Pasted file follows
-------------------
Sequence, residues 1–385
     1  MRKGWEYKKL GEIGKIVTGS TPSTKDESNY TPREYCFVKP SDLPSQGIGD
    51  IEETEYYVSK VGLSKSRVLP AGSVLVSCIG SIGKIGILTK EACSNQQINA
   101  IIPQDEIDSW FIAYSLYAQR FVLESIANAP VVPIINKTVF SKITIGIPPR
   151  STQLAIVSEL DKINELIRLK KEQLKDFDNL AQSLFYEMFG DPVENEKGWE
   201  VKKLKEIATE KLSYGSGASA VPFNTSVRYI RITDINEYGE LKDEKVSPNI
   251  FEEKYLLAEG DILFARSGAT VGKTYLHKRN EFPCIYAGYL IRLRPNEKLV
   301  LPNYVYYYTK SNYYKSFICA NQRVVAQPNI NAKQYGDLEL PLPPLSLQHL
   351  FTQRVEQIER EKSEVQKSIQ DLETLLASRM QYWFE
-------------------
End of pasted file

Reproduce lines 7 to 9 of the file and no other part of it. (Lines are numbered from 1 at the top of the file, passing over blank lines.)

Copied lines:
   251  FEEKYLLAEG DILFARSGAT VGKTYLHKRN EFPCIYAGYL IRLRPNEKLV
   301  LPNYVYYYTK SNYYKSFICA NQRVVAQPNI NAKQYGDLEL PLPPLSLQHL
   351  FTQRVEQIER EKSEVQKSIQ DLETLLASRM QYWFE